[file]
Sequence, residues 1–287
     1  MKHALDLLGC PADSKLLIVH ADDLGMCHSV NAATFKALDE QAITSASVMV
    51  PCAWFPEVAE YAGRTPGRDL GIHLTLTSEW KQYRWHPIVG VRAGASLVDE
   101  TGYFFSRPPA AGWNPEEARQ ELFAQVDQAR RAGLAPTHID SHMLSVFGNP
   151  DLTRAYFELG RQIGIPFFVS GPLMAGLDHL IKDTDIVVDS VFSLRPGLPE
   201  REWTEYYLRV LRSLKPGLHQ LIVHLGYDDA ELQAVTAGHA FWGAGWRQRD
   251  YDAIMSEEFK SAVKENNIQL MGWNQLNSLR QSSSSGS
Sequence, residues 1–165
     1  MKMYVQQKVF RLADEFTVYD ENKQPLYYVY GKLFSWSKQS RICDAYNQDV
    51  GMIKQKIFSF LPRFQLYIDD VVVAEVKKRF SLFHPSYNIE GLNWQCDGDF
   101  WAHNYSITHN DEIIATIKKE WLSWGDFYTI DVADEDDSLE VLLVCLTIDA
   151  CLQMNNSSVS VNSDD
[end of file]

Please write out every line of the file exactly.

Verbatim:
Sequence, residues 1–287
     1  MKHALDLLGC PADSKLLIVH ADDLGMCHSV NAATFKALDE QAITSASVMV
    51  PCAWFPEVAE YAGRTPGRDL GIHLTLTSEW KQYRWHPIVG VRAGASLVDE
   101  TGYFFSRPPA AGWNPEEARQ ELFAQVDQAR RAGLAPTHID SHMLSVFGNP
   151  DLTRAYFELG RQIGIPFFVS GPLMAGLDHL IKDTDIVVDS VFSLRPGLPE
   201  REWTEYYLRV LRSLKPGLHQ LIVHLGYDDA ELQAVTAGHA FWGAGWRQRD
   251  YDAIMSEEFK SAVKENNIQL MGWNQLNSLR QSSSSGS
Sequence, residues 1–165
     1  MKMYVQQKVF RLADEFTVYD ENKQPLYYVY GKLFSWSKQS RICDAYNQDV
    51  GMIKQKIFSF LPRFQLYIDD VVVAEVKKRF SLFHPSYNIE GLNWQCDGDF
   101  WAHNYSITHN DEIIATIKKE WLSWGDFYTI DVADEDDSLE VLLVCLTIDA
   151  CLQMNNSSVS VNSDD